NEW YORK — The CFDA/Vogue Fashion Fund award elicited such a strong response from talented candidates that its jury has arranged to create two additional prizes.

A year ago, the Council of Fashion Designers of America and Vogue magazine set out into unchartered territory with the establishment of a fund to assist emerging designers, taking an unusually active role in the destiny of struggling new businesses and, as a result, facing a challenge far greater than they had expected.

The first awards will be presented by Mayor Michael Bloomberg at a dinner Thursday night. One finalist will receive the major prize of $200,000, along with a year of structured industry mentoring, while two runner-ups will each receive $50,000. This represents an expansion of the fund, one aimed at recognizing the real potential of the 10 companies that have remained in the competition after a series of intricate hurdles, including a lengthy written application and a live presentation before its judges.

The final vote is expected to take place Thursday morning among that committee, which comprises Vogue’s Anna Wintour and Sally Singer; designer Narciso Rodriguez; Julie Gilhart, fashion director of Barneys New York; Robert Duffy, president of Marc Jacobs; Stephen Ruzow, president of women’s wear at Kellwood Co., and the CFDA’s Peter Arnold and Lisa Smilor. Selecting the winner, several participants in the process said, has been an arduous and emotional process, not only for the candidates, but also the judges, who have considered the implications that their votes will carry.

“The most important thing I took away from this was, for all of the judges, how emotional and involved everyone became,” Wintour said. “We were so enchanted by the talent and by the dedication of our finalists. It’s been a really wonderful experience.”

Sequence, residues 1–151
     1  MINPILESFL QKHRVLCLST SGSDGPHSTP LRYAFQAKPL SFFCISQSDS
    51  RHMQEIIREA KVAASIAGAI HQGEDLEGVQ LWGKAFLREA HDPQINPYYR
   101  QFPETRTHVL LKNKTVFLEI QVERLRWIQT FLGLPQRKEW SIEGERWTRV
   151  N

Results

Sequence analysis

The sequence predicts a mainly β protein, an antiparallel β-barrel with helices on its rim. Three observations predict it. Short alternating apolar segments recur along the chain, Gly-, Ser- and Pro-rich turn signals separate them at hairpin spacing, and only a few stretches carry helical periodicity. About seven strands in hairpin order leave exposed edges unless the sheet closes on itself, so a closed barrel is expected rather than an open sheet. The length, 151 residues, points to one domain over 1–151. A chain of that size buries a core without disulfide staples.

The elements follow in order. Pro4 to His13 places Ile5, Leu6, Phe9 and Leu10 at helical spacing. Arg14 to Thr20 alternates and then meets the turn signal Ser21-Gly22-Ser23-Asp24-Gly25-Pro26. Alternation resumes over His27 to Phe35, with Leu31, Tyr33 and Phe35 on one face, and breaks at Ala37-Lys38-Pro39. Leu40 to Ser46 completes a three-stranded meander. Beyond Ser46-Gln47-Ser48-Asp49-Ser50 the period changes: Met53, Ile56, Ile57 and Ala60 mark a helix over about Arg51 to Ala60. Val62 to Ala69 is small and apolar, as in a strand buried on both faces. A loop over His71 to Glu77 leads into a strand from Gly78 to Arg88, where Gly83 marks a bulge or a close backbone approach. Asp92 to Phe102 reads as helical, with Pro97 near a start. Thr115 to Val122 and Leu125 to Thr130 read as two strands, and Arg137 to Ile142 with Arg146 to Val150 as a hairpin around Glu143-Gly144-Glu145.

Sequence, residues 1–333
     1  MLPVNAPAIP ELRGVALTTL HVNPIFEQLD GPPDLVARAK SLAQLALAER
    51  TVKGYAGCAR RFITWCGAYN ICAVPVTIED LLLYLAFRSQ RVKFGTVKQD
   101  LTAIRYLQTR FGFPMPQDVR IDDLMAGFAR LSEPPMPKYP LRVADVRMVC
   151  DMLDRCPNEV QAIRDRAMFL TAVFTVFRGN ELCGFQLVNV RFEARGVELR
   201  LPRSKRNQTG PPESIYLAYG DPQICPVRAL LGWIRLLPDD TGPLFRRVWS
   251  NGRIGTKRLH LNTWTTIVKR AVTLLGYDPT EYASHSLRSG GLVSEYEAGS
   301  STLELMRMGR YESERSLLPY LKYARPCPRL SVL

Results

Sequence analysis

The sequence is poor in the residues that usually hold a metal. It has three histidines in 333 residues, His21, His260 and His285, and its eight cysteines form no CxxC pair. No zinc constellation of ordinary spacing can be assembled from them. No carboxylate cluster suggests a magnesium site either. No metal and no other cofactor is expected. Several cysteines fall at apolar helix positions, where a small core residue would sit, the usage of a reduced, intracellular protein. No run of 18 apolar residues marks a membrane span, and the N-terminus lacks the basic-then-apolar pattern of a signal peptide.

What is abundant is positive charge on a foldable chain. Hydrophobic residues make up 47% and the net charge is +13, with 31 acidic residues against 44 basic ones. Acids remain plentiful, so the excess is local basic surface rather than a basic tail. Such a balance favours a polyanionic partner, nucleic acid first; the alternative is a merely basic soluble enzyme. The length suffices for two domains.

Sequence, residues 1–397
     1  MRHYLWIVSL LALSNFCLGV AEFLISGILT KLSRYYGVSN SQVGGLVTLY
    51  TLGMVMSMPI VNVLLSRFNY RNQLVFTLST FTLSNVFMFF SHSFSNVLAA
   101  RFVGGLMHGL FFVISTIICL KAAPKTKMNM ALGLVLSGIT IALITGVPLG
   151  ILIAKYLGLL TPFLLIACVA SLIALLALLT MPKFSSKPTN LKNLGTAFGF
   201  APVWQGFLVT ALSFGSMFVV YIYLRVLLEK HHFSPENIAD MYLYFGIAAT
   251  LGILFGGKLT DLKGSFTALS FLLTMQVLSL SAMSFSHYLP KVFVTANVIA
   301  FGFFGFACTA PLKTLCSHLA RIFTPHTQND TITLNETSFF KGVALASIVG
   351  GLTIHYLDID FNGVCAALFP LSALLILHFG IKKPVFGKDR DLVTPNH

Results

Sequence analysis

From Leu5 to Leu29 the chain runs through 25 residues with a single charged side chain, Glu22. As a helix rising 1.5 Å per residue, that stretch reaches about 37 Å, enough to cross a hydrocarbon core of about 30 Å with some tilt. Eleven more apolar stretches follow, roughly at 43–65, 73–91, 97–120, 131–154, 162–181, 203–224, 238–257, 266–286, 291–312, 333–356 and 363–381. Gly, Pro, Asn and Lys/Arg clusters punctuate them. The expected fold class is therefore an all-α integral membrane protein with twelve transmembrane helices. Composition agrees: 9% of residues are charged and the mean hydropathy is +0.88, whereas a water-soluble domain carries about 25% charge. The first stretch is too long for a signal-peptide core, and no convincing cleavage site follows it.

When the contest began in February, 137 designers submitted preliminary applications to the committee, which then selected 52 candidates to proceed based on their editorial and business experience. In the second phase of the competition, those designers were asked to submit full portfolios, including details on sales, numbers of employees, even salaries — sensitive information that the judges said will remain confidential. From those responses, 10 finalists were asked to make presentations at Vogue before the panel. The finalists are Libertine, Edmundo Castillo, Cloak, Proenza Schouler, Peter Som, Habitual, Behnaz Sarafpour, Doo.Ri, Dean Harris and Derek Lam.

This story first appeared in the October 12, 2004 issue of WWD. Subscribe Today.

“To talk to all of us — with that lineup of judges — with such confidence and passion was extraordinary and heart-warming,” Wintour said. “It made one believe in the future of fashion.”

When the CFDA and Vogue announced the fund last September, Wintour and Arnold began a capital campaign with the goal of raising $5 million that would create an endowment so that the awards can continue annually on a long-term basis. Arnold said last week that the CFDA has raised about half that from corporate sponsors Barneys New York, Kellwood and Vogue (which, like WWD, is owned by Advance Publications Inc.).

The fund was created to give American designers a better chance of succeeding in the difficult business environment of Seventh Avenue, which has laid waste to innumerable designers who have been championed early in their careers. Several monetary prizes have been created to aid fashion designers in recent years, but the CFDA/Vogue Fashion Fund is by far the most ambitious, with plans to arrange for intense business mentoring from established professionals for the winner on issues such as sourcing, public relations and staffing.

While this may raise questions as to whether making such a financial reward would impugn the impartiality of an industry organization or one of its leading fashion publications, those involved in the selection said the process has been fair and ultimately beneficial to every applicant. All 10 finalists, for example, will be featured in a 20-page story in the November issue of Vogue photographed by Arthur Elgort.

“In hindsight, it hasn’t been about the winner as much as it has been about the process,” said Gilhart. “Just having to apply — all these designers have had to think about what they’re doing, how they can formulate their business plans and what their goals are. That in itself is so amazing.”

Still, the prospect of casting her final vote, she said, “makes me stop breathing.”